Veterinarians develop new chemotherapy-free cancer treatment for dogs

08 Mar 2021


Veterinarians at the University of Missouri’s College of Veterinary Medicine in the USA have worked with a medical technology company to implement a trial for a new cancer treatment in dogs. The treatment involves immunotherapy (helping the patient’s own immune system to recognise and kill tumour cells) and appears to offer a chemotherapy-free treatment option for osteosarcoma, a common bone tumour of dogs.

What is osteosarcoma?

Osteosarcoma is the most common type of bone cancer in dogs. It is mostly seen in middle-aged to older, large to giant breed dogs, such as rottweilers, dobermans, saint bernards, german shepherds and great danes. Bones affected by osteosarcoma are often swollen, and are generally very painful, causing dogs to limp. The cancer can also weaken affected bones, leading to a risk of sudden bone breakage with activities that would generally be harmless, such as jumping off a step or out of the car.

Osteosarcoma is a malignant tumour, meaning that it is a type of cancer that is very likely to aggressively spread around the body, usually to the lungs.

How is osteosarcoma currently treated?

Treatment options for osteosarcoma most frequently involve one of several options:

  •  Palliative care - This involves keeping affected dogs comfortable with pain relief and special care, and then if their condition deteriorates, and they become too unwell or painful, euthanasia is considered.
  • Amputation (surgical removal) of the affected bones or limb - This usually provides ~4 months of extra survival time, as in most cases, the cancer will have already spread to the lungs.
  • Amputation plus chemotherapy - This involves amputation and then administration of chemotherapy (a schedule of drugs to poison the tumour cells). This allows an average survival time of just over a year, although the drugs can cause potential side effects such as gastrointestinal upset, heart damage, and weakening of the immune system. It also may require owners to wear protective gloves for the handling of their dog’s urine and faeces for five days after chemotherapy drug administration.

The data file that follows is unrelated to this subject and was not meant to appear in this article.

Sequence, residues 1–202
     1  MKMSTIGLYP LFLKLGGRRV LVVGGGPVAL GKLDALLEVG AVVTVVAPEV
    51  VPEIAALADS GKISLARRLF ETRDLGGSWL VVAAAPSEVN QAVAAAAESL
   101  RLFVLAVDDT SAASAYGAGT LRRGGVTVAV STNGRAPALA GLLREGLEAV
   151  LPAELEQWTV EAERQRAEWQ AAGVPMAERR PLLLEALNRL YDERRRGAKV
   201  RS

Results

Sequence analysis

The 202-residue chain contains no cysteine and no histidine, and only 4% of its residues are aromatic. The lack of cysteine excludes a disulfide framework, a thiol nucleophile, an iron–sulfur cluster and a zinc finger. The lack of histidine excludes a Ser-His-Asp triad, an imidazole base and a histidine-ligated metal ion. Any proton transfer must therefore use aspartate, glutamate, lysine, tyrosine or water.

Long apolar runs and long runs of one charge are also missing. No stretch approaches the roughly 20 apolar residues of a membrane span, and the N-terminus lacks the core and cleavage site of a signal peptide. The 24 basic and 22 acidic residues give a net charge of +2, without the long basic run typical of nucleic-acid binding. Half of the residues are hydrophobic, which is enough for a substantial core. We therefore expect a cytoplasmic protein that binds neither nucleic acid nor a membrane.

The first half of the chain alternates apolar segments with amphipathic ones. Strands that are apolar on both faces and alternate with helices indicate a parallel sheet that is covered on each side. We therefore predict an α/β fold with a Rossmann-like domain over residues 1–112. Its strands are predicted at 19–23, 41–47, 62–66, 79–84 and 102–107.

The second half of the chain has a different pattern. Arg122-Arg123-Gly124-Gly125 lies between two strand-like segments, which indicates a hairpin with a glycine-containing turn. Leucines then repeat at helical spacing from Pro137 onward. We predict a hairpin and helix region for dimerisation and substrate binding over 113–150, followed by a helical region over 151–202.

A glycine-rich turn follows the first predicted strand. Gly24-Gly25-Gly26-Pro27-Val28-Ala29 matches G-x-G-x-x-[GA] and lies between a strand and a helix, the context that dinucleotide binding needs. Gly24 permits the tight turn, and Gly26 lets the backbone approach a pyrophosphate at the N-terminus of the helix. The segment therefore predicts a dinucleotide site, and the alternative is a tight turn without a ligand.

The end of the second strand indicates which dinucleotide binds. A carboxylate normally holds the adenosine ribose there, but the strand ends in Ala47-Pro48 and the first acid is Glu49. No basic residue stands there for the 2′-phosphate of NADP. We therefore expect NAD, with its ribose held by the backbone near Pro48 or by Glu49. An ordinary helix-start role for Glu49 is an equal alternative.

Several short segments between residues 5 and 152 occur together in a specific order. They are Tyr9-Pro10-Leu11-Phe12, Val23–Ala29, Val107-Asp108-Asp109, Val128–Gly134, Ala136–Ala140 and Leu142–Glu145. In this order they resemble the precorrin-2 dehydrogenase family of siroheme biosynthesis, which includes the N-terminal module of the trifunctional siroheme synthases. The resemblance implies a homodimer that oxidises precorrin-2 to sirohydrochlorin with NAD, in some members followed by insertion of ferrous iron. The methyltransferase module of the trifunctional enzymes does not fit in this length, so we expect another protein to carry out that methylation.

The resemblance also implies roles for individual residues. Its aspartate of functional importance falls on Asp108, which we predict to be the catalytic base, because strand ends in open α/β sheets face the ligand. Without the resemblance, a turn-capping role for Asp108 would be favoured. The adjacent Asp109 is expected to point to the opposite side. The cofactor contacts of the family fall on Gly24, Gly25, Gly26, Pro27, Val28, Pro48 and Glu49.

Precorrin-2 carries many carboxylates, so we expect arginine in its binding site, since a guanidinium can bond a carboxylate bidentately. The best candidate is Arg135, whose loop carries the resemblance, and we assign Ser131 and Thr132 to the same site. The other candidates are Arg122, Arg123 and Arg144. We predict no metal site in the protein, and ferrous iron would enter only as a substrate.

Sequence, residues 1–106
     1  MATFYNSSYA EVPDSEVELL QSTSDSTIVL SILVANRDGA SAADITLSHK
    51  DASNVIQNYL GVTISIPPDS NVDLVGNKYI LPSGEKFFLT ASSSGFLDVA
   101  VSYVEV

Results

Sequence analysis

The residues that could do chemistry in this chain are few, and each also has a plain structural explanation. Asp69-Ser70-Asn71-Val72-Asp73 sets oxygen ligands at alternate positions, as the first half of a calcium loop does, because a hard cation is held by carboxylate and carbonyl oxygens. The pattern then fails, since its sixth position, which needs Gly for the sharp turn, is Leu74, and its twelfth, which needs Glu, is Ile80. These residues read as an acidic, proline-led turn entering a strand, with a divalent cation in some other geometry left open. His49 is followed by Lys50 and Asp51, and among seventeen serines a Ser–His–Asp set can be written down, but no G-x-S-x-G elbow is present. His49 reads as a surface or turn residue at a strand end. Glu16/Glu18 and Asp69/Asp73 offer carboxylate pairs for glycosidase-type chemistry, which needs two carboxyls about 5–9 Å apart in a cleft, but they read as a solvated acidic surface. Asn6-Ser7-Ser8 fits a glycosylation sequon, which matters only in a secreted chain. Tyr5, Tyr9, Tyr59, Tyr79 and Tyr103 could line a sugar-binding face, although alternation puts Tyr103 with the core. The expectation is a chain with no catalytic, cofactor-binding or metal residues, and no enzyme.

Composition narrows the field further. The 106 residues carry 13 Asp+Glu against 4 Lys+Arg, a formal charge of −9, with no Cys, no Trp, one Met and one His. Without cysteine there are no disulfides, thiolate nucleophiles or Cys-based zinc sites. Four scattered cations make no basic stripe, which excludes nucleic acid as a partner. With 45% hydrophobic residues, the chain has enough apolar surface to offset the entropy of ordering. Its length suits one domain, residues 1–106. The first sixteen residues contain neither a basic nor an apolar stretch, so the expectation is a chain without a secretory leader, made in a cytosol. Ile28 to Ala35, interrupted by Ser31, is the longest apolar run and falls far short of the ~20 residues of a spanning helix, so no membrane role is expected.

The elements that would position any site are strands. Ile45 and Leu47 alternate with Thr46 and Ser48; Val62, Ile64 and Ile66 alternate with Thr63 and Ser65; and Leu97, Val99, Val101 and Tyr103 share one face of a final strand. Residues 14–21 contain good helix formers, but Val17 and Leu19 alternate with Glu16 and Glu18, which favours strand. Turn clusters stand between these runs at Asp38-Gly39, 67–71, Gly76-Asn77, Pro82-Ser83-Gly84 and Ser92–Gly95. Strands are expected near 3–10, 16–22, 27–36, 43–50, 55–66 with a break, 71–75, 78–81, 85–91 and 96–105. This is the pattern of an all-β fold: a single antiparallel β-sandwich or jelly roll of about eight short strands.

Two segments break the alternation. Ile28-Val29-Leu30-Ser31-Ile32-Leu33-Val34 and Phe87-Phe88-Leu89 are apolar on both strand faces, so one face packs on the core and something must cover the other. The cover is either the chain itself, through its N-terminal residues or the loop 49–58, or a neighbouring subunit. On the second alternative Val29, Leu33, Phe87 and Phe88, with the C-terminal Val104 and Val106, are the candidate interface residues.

What does immunotherapy treatment of osteosarcoma involve?

Dogs in the osteosarcoma immunotherapy trial still required amputation of their affected bones/limbs to remove the bulk of the cancer. Tumour cells were then collected to create a “vaccine” specific to that patient - when administered, this vaccine helped the dog’s immune system learn to recognise the remaining cancer cells in their body (e.g. in their lungs or bloodstream), and produce targeted white blood cells to destroy them. Researchers assisted this process by collecting these special white blood cells from the dogs, multiplying them, and then infusing them back into the dog’s bloodstream in higher numbers for greater effect.

Is immunotherapy effective for osteosarcoma?

Of the ten dogs in the immunotherapy treatment trial, the average survival rate was 415 days (which is comparable to chemotherapy survival times), and five dogs survived for more than two years!

A larger, follow-up trial is being conducted based on these promising results so far, and the usage of this technology for other types of animal cancers will likely follow. Additionally, this important veterinary research may also transfer to the human medical field, with plans for its usage in an upcoming treatment trial for glioblastoma (an aggressive form of brain cancer).

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